What is type 1 diabetes? How is it different than type 2? Type 2 diabetes is a condition where the body becomes resistant to insulin, forcing the pancreas to produce ever more insulin, and leading to a downward spiral of metabolic illness. It’s also called “Adult Onset Diabetes”, because the vast majority of people who develop it do so in adulthood, after years of eating a high-carb diet. Type 1 diabetes, also known as “Juvenile Diabetes”, is a disorder where the body’s immune system attacks the cells of the pancreas responsible for producing insulin. Only the pancreas can produce insulin, and insulin is the hormone primarily responsible for shuttling molecules out of the blood and into cells for energy or storage. That means, if the pancreas isn’t producing insulin, a person will starve to death from the inside. Their cells, literally, cannot get any food. They can eat and eat and eat, but there’s no mechanism to transport that food energy into the cells. That’s why they need regular insulin shots. On a regular-carb diet, those insulin shots might be several times per day. On a high-carb diet, those shots will be even more frequent. Type 1 diabetics must keep injecting themselves with insulin in order to deal with all the glucose in their blood stream. They have to keep insulin levels high, if they eat high carbs, because they have a high level of glucose to deal with. Being ketogenic means insulin levels don’t have to be high, because there isn’t a high level of glucose that needs to be shuttled around. And, because there isn’t a big requirement for insulin, the type 1 diabetic can reduce the amount of insulin needed on a daily basis (many reduce this requirement by 80%). The important thing to remember is that someone suffering from type 1 dia Continue reading >>

[blood Sugar And Ketone Body Content In Cows With Clinical Ketosis].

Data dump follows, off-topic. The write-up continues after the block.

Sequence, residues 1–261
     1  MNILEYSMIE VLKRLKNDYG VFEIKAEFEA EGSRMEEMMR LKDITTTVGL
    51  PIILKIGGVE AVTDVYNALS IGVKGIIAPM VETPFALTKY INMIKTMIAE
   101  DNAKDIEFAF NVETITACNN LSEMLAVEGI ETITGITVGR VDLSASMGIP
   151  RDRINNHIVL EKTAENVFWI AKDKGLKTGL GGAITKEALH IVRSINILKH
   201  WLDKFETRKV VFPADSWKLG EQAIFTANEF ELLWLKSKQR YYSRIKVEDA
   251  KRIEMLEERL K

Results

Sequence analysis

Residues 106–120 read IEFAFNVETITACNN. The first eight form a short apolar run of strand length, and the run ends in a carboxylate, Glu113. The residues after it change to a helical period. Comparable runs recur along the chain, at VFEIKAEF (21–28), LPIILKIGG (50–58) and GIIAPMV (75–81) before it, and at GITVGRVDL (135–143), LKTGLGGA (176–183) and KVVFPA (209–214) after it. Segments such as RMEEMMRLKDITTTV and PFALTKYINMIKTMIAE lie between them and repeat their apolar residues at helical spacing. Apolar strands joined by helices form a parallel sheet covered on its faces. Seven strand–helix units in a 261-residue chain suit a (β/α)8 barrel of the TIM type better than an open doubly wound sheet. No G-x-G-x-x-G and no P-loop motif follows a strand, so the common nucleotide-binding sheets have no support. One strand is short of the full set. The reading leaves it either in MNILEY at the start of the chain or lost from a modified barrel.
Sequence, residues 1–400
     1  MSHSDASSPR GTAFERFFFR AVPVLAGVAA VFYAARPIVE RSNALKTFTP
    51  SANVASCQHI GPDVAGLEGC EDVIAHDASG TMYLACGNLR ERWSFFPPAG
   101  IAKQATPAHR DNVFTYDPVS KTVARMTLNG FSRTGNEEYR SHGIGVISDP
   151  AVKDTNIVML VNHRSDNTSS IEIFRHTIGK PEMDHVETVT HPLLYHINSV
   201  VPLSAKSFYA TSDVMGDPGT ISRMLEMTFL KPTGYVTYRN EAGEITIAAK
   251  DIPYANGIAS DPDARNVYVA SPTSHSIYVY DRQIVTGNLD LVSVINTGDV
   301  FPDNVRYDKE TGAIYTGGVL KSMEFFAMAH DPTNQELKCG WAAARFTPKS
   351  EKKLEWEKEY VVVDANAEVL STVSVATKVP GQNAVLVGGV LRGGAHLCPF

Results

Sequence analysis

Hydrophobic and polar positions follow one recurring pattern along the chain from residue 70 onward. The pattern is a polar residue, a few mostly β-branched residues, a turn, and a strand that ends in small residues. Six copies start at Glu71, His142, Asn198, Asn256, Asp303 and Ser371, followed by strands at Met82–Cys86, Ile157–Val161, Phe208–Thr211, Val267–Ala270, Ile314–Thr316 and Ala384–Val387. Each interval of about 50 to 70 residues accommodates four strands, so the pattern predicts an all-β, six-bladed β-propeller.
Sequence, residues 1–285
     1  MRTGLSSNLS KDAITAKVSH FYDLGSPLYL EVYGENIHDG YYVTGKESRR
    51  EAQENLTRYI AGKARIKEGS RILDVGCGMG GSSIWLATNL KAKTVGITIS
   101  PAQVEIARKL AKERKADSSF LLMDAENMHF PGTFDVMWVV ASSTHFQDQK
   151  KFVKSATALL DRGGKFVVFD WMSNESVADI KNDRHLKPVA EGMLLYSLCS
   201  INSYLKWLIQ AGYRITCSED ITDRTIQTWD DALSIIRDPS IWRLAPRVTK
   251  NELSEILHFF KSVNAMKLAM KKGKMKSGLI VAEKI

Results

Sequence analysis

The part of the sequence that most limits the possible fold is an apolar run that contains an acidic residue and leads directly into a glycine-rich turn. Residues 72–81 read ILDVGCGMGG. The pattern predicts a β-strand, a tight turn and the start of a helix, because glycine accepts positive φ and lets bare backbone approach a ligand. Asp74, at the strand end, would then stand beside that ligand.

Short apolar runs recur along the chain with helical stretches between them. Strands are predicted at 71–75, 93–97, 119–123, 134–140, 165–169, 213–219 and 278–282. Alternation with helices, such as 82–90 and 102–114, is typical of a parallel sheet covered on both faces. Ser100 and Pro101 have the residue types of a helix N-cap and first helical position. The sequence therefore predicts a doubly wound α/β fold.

[blood Sugar And Ketone Body Content In Cows With Clinical Ketosis].

Abstract The investigation confirms hypoglycaemia and hyperketonaemia as typical for ketosis. A reverse correlation has been found between the level of blood sugar and that of ketone bodies. The changes observed in both blood sugars and ketones have not been shown to manifest any definite relation to the feeding regime, which may not have been perfectly balanced but has supplied metabolizable energy and digestible protein for maintenance and production in excess. Five-day starving of freshly calved, clinically normal cows may cause a dependable drop of the blood sugar level and rise of the ketone bodies to an extent that vary from that observed in ketosis-affected cows showing no clinical picture characteristic of the disease. The glycaemic reaction observed with the glucose-tolerance and the adrenaline tests shows that there is no apparent differences in the carbohydrate metabolism and the glycosynthetic capacity of the liver between diseased and clinically normal animals. The use of the two tests as auxiliary clinical methods has not been effective in registering the deviations in the status of the adrenal cortex and the pituitary gland. Continue reading >>